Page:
Sean Davis, M, Duke—Another New York Red Bulls academy player who has long had the eye of their technical staff. He's versatile enough to play centrally or wide. “I know the Red Bulls really like him and he had a great summer for their (amateur) NPSL team. It will be very surprising if they don’t sign him.”

Spencer Richey, GK, Washington—The fifth-year senior “would have been the first or second goalkeeper taken” in the 2014 draft last year until he broke his leg in two places early in the season and had to redshirt. “Not the most impressive, physically, but he’s very fundamentally sound and so composed. Plays older than he is.”

Oumar Ballo, D, UMBC—A native of Mali who grew up in Baltimore and has blossomed physically in college. Has the size (six-foot-two) to play center back and the pace, and skill, to play fullback. “He’s a tremendous athlete, probably as fast and quick as anyone in college soccer. But he’s also good on the ball. And he’s gotten stronger the past couple of years. If he had been in the (2014) draft he’d have gone high. He’s really quiet, though. He’ll need to work on that, especially if he plays centrally.”

Robbie Kristo, F, Saint Louis—Already a two-time All-American, the six-foot-four target forward possesses strength and skill but has fought injuries that have raised questions about his pro potential. “He’s got a combo of skill and size you don’t see a lot in this country,” said one coach. But another said, “Twice I went to see them play and once he didn’t play and the other he came off the bench. You worry if he’ll hold up physically, especially being a target player.”

Boyd Okwuonu, D, North Carolina—He is an FC Dallas product, so he’s only in the draft if they pass, which seems unlikely. Though listed at five-foot-eight, he played center back well enough to be the defensive player of the year in the ACC, the top conference in college soccer, and is a veteran of U.S. youth national teams. Despite his resume, questions about his position at the next level linger. “Dallas needs to decide what they have in him. He’s done well (at UNC) in the middle (of the defense) but can he play there at the next level? He played (right back) for Tab (Ramos) with the U20s and didn’t look great. He’s a smart player and reads the game well but he might struggle physically. But a lot of us said the same thing about (LA Galaxy stalwart) A.J. DeLaGarza and look what he’s done.”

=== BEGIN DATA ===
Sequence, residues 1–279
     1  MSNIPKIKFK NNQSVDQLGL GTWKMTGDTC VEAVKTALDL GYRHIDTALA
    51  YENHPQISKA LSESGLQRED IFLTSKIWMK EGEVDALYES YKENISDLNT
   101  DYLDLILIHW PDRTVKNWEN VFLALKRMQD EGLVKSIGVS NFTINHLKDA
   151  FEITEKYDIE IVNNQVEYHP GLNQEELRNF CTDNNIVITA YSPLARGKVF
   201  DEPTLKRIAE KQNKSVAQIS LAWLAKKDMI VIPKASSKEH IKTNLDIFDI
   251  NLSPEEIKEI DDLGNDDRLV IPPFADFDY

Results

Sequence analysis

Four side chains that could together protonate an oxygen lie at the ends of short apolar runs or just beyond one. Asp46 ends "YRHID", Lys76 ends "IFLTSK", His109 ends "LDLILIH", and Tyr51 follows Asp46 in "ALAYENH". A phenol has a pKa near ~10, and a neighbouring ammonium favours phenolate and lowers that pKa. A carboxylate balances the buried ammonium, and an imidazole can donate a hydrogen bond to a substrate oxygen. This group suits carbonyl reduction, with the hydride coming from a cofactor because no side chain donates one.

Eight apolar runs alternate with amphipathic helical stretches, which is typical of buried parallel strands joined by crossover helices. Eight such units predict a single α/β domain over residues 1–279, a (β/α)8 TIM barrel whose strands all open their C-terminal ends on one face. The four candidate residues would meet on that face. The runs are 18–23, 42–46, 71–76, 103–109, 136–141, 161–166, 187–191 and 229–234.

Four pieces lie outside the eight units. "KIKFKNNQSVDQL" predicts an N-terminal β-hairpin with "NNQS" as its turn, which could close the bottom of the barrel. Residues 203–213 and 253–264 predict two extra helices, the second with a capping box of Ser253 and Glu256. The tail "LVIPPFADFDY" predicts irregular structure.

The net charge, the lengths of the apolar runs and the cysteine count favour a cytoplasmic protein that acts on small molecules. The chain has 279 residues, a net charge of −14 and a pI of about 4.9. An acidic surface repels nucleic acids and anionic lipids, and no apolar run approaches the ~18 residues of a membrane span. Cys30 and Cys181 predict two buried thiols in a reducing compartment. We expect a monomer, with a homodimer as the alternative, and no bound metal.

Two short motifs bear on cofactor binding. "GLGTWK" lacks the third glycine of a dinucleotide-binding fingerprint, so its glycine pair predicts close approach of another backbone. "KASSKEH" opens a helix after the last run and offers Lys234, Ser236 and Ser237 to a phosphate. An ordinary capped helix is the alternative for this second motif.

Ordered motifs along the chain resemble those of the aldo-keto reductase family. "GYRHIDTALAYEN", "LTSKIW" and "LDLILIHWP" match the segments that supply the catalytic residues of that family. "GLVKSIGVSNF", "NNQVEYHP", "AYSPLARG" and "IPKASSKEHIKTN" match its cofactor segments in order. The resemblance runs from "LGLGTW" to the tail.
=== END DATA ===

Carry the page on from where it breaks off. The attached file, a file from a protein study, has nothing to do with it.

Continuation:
Darwin Jones, F, Washington—Reportedly turned down a homegrown offer from the Seattle Sounders after a strong junior season, though the Sounders will most likely reclaim him this winter. “He’s a nice combination of athleticism and skill and he can play wide or up top. He’s a lot like (current Sounder) Lamar Neagle. It might take him a while to crack that (Seattle) lineup but he can play.”


Mahamodou Kaba, D, South Carolina—A native of Guinea who grew up in Michigan, Kaba was highly regarded coming out of high school amid rumors of an offer from D.C. United. But he barely played his first two seasons before becoming a solid starter for the Gamecocks last year. “You know how they say 'he’s built like a brick (you-know-what) house?' Well, that’s him. He’s so strong and athletic. If he has a season like last year, teams will notice. You could see him being a combine darling, too, if he shows well down there, because he looks the part.”


This section will mostly skew toward sophomores and juniors as many we surveyed weren’t familiar enough with the incoming freshmen to comment with any authority.

Cristian Roldan, Soph. M, Washington—Arguably the top freshman in college soccer a year ago, Roldan passed on a Generation Adidas offer to return for a second season in Seattle where he’ll be expected to be the Huskies' primary playmaker. He’s expected to turn pro this winter and could be the top pick in the draft. “Very technical, very creative. How he holds up to the physical play will be the question. But he has a drive that a lot of young players don’t have. He seems like a great kid who will work hard.”
(Note: Roldan is one of the few college players in any sport to have already starred in a commercial for an athletic shoe company. As a child, he starred in this “Impossible is Nothing” campaign for Adidas, which just so happens to be the title sponsor of the program for signing underclassmen to MLS deals.)

Jordan Morris, Soph. F, Stanford—A member of the U.S. U-23 national team pool who combines explosive pace with a good touch. A product of the Seattle Sounders academy, it will take a good offer to get him out of Stanford but the Sounders did that this year with Aaron Kovar. “He’s fast but not like (DeAndre) Yedlin fast. He’s like a smaller, faster Conor Casey. Conor uses his strength but he’s also a bull running at you. Morris isn’t as big but he runs at you like a bull. And he is good with the ball, too. It’s not just pace.”

(Editor's note: This article was filed two days before Jurgen Klinsmann announced his latest U.S. national team roster, which, as you know, includes Morris.)

Cyle Larin, Soph. F, Connecticut—The Ontario native debuted for Canada’s national team—the senior team—this summer after a strong first campaign in Storrs that saw him tempted by an MLS offer. “I think in terms of him being a pro, the biggest question is if he goes to Europe or signs with (MLS). He’s just a good goal-scorer and there isn’t a team anywhere that doesn’t need those.”